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10 Alternative Artists To Watch Out For in 2018

Words by Ziyanda Ntloko

The opening half of the year always presents the exciting prospect of new music not only from industry stables but those who are also on the cusp. Here’s my list of genre-breaking acts who I anticipate to have a great 2018.


A music group truly born out of Generation Y, BROCKHAMPTON are self-styled as the “internet’s first boyband”. But this isn’t your regular boy band: they’re not polished and they weren’t manufactured and assembled in a record label conference room. They rap and they’re mostly black. The 14-member strong set originates from the infamous online rap forum KanyeToThe and are unique in how they’re redefining the term “collective”. The band is made up of rappers Ameer Vann, Matt Champion, Merlyn Wood and Dom McLennon, producers Russell Boring, Cirian Mcdonald, Kiko Merley together with counterpart creatives in web design, photography, creative direction and graphic design. BROCKHAMPTON’s breakthrough came in the form of an aptly named reality series on Viceland, American Boyband. And with that 2017 saw them release 3 albums and accompanying music videos as part of their Saturation trilogy all within the space of 6 months gaining increased media attention, acclaim and a rabid fanbase with each instalment. As ground-breaking as last year was for them, they seem poised for an even bigger 2018. Having just announced their fourth album Puppy to be released within the US Summer, their boundless momentum shows no signs of stopping yet.


It would be disingenuous to label Sho Madjozi as just a rapper. Hailing from Limpopo, Madjozi, real name Maya Wegerif and her music and all-round creativity are difficult to fit in a box. As well as dabbling in acting and poetry, the 25-year old has convincingly carved out a unique lane for herself rapping in her native Tsonga over energetic and pulse-heavy gqom beats, it’s almost genre-less in its adventurism. 2017 saw her breakout mid-year with Dumi Hi Phone complete with appropriately vibrant visuals. And if you’re thinking only the audio packs a punch, you haven’t seen her on stage. Madjozi put on one of the most electric live performances at AfroPunk Johannesburg that was worthy of being a main act. In fact, her show must have left a lasting impression on the event organizers as she’s just been booked to bring her home-grown talent to the festival’s stage in Brooklyn, New York this year. That coupled with a full body of work in the form of a debut album (fingers crossed), you can’t help but think that she’s on the cusp of complete stardom.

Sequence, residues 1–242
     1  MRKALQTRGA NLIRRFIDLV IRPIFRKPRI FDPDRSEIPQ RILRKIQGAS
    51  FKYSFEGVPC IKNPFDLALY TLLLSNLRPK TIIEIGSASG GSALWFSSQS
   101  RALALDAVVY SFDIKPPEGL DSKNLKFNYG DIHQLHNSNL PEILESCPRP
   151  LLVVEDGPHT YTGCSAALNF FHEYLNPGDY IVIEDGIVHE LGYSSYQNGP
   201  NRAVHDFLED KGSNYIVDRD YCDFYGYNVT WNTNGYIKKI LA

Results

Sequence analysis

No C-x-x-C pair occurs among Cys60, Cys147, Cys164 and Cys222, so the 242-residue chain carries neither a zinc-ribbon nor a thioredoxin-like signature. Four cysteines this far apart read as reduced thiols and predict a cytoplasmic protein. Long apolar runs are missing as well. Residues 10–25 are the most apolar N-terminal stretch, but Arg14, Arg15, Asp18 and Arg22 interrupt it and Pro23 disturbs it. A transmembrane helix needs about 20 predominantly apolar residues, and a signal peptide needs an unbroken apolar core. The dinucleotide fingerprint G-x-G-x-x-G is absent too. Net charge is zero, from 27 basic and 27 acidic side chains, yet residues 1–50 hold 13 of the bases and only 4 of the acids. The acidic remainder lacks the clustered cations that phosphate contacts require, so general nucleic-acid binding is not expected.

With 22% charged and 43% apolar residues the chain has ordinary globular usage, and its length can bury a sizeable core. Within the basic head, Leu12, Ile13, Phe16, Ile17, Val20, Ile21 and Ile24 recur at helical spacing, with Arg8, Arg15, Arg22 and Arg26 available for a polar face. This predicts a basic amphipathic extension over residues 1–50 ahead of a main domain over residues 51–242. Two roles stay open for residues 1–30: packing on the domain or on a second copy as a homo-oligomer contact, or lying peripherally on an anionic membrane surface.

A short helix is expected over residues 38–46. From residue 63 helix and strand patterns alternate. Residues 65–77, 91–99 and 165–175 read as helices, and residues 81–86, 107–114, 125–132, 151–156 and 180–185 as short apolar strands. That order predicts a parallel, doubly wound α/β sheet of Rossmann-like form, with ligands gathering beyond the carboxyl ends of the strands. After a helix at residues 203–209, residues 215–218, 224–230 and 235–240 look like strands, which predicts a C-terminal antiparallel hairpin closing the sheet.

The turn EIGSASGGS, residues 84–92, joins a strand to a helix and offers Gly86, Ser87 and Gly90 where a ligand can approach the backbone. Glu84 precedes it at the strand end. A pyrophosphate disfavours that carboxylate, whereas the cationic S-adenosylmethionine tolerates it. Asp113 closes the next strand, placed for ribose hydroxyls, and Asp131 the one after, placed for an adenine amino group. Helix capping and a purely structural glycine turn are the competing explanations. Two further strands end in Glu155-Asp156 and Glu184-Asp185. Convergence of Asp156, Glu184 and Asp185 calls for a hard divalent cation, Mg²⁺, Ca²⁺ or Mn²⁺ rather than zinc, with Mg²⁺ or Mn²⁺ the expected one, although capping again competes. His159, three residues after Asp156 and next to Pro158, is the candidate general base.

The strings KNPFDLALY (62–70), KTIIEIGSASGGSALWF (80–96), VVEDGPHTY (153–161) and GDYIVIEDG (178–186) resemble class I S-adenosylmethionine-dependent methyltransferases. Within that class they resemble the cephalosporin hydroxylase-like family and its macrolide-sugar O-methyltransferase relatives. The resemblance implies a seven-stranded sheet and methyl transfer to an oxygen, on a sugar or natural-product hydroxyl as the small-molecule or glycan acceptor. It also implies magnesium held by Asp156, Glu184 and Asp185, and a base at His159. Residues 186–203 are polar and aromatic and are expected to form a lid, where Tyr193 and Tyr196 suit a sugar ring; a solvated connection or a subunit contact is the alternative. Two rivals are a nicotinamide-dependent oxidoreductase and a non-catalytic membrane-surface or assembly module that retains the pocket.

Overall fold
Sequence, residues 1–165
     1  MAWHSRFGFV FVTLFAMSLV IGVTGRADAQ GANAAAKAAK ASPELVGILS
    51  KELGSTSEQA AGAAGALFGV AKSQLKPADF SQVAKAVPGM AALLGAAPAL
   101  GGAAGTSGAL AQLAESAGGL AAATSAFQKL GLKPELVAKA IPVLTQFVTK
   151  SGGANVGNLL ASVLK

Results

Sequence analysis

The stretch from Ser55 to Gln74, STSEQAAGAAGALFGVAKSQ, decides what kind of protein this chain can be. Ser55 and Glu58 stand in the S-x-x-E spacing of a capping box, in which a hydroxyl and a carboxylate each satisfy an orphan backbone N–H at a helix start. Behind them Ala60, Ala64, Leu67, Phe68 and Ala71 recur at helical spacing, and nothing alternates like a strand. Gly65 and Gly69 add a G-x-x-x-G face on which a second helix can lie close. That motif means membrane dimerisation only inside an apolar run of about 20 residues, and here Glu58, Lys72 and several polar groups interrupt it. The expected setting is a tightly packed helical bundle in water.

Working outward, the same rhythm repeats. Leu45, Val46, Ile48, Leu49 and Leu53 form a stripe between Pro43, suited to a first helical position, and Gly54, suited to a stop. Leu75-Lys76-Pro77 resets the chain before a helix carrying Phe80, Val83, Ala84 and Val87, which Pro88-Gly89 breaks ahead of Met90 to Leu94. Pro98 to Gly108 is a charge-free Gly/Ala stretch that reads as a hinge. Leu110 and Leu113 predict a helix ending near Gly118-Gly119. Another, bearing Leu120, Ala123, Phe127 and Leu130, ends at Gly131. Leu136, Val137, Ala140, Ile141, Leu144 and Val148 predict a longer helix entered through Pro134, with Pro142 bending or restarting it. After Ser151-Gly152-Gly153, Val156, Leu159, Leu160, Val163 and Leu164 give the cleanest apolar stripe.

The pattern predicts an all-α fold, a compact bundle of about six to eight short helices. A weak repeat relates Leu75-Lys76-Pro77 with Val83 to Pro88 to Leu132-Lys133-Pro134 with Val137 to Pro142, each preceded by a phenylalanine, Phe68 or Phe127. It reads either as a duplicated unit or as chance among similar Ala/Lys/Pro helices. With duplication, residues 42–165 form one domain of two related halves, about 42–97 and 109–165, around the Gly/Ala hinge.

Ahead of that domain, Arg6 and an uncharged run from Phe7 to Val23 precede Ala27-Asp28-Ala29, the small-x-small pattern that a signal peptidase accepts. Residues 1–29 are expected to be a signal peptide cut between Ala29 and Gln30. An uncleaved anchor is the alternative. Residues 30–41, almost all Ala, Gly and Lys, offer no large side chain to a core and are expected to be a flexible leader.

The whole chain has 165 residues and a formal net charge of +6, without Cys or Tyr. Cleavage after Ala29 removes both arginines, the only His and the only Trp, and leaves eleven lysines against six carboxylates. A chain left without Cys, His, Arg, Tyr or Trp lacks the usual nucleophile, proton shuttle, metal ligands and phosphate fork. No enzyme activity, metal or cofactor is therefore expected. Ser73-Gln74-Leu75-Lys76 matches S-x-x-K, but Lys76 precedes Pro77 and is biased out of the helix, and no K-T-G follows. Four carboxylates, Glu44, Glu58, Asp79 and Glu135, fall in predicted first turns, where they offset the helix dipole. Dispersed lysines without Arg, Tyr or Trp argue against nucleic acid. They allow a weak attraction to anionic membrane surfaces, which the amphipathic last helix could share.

Hip-hop, kwaito duo Darkie Fiction, are looking to create music that is not only genre-bending but also unique to South Africa. Originating from Cape Town, the two-some is made up of singer Yoza Mnyanda and rapper Katt Daddy. Their sound is a convergence drawing from quintessentially South African influences that pay homage to musical greats like Letta Mbuli, Caiphus Semenya and Brenda Fassie as well as harkening back to the pioneers and icons of original kwaito in TKZee, Mdu and Boom Shaka. The duo is purely motivated in curating art that is Mzansi at its core in a musical landscape that is at times too diluted with American influence. Having released their debut offering last year with Selula, they’re back with a follow up single Fiction Sound with the self-described motive “to spread the Darkie Fiction name, express our commitment to our sound and affirm our place in the music industry”. They hope to do just that and possibly more with the release of an EP later this year.


At just 19 years old, singer Ravyn Lenae is crafting a surprisingly seasoned brand of electronic soul that is well beyond her age. With her delicately soft and controlled vocals remindful of Erykah Badu and Tweet, Ravyn expertly produces dreamy R&B that is not just pretty but lyrically resonant. She describes her music as colourful attributing specific hues to her songs and the emotions tied to them. With already two releases under her belt (the first being Moon Shoes in 2015 and its follow up Midnight Moon Shoes in 2017), her latest offering is Crush – a 5 song EP produced by The Internet’s Steve Lacy. Listen to their sugary sweet collaboration Computer Luv, an ode to the kind of long distance digital romance our generation is renowned for.